Filing for bankruptcy can help you discharge your debts and will produce an automatic stay against creditors. Some of your debts will also be written off after your bankruptcy is discharged.
But there are problems that come with filing for bankruptcy. Here are a few of the more prominent concerns to note before filing:
- You could lose various assets in court. A bankruptcy court can seize assets like a car or a house. The court could sell these items to pay off your creditors, especially if they are valuable enough.
- It may be difficult for you to obtain a loan, a mortgage, or a credit card after declaring bankruptcy. Your credit score will experience a substantial hit.
- You might also struggle to find a job or a new home. Employers and landlords might notice a bankruptcy in your name and will ask about the situation at hand. These people may find you irresponsible, reducing your risk of being accepted as a tenant or landing a new work position.
- You cannot discharge all your debts through bankruptcy. You cannot discharge student loans, alimony, child support, or any criminal restitution charges.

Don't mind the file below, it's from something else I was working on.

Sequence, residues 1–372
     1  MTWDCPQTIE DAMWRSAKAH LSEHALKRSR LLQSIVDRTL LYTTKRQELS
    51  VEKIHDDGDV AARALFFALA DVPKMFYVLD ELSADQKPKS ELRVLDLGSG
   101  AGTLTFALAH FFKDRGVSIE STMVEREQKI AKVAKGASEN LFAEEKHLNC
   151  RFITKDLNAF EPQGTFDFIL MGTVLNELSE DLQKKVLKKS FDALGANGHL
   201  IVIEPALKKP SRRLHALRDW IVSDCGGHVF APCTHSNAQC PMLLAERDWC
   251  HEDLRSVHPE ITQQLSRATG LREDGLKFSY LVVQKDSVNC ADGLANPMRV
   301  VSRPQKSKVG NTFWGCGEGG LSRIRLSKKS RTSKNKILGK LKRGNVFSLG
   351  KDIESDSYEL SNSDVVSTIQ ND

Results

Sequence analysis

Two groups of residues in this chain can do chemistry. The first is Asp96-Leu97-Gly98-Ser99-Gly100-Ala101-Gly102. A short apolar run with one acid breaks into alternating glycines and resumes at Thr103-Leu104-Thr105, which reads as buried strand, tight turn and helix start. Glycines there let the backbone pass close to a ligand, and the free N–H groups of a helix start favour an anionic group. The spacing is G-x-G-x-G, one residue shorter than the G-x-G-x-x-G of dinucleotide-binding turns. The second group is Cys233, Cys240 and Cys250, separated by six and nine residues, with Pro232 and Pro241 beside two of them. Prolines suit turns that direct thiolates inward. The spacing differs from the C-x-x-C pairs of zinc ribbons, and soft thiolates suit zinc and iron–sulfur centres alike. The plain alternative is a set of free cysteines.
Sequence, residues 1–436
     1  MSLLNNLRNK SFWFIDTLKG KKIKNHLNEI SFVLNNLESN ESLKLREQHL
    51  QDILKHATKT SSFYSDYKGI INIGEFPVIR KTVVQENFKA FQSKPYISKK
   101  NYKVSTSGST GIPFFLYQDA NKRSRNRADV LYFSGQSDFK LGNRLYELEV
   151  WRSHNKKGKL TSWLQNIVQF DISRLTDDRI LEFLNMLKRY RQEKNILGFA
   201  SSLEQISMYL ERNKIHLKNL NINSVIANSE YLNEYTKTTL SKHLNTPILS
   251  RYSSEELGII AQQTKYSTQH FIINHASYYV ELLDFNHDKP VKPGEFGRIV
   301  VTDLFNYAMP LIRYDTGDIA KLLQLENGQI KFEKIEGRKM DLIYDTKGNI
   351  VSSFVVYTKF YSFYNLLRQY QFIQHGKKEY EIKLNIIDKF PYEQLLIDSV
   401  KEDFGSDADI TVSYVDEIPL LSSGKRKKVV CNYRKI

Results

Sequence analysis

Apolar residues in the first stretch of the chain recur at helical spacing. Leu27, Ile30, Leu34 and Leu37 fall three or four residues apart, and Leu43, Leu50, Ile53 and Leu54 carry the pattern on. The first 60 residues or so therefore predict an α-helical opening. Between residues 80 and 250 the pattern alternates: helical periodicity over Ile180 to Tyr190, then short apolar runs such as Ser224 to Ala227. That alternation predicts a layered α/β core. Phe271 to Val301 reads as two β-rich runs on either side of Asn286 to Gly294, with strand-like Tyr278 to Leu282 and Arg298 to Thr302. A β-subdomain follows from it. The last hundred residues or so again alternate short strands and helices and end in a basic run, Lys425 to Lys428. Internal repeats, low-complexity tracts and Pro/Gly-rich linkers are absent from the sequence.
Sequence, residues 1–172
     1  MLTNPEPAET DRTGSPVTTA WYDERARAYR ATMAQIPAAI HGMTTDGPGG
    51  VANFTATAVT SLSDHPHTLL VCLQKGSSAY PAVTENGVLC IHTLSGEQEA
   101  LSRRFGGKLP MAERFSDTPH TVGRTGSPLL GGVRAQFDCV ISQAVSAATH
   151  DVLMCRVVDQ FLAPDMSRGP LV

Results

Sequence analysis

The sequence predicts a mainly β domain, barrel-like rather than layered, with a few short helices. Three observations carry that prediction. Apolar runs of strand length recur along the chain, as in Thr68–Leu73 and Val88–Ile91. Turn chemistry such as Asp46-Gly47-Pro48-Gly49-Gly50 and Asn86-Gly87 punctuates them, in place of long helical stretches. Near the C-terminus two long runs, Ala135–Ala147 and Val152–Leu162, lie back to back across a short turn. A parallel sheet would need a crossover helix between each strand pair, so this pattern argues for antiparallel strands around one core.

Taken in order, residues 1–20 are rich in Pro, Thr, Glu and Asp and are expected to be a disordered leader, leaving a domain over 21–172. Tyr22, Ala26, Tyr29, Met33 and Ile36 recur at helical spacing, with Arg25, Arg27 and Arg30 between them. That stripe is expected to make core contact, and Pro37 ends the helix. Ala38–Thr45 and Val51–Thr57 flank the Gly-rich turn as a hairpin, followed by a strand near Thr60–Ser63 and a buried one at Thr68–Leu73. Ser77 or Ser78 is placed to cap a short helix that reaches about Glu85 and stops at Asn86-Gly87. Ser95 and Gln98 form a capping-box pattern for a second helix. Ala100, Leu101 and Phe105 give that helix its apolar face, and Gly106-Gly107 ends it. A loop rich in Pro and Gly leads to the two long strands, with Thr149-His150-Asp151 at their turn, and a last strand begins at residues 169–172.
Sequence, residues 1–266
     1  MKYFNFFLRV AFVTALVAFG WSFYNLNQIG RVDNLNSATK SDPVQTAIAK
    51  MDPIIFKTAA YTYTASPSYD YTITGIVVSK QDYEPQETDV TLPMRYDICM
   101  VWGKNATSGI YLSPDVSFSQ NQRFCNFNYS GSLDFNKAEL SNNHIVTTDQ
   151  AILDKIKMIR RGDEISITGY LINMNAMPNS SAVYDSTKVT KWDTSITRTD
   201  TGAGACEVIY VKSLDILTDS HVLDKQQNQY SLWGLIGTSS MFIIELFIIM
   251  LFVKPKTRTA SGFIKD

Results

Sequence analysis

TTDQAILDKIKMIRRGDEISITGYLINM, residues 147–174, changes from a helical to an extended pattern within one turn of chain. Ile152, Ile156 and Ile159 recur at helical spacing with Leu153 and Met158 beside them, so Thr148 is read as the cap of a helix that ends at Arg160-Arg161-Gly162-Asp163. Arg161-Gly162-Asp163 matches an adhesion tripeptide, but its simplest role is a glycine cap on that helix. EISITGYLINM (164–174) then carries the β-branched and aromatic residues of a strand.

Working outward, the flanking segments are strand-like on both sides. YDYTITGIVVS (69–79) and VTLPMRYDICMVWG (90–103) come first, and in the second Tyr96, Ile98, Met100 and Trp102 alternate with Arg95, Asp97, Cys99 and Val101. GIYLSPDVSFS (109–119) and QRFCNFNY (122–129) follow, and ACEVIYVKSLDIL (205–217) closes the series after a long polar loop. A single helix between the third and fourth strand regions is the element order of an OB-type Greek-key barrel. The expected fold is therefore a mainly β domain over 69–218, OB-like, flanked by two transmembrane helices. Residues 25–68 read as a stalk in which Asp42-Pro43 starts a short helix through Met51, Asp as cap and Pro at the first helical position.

- Your bankruptcy will stay on your credit report for years. It can remain for at least six years in most cases. The timeframe will vary by state or country, but it can be extensive.
- The only financial services or products you will qualify for will be more expensive ones. You can find unsecured credit cards and other items that can help you rebuild your credit. But these often come with exorbitant fees and lofty interest rates.
- Your bankruptcy will be disclosed to the public as part of your record. You may request a court order to avoid releasing your address data if you are concerned about being a victim of violence. You’d have to provide proof of your concern in this situation.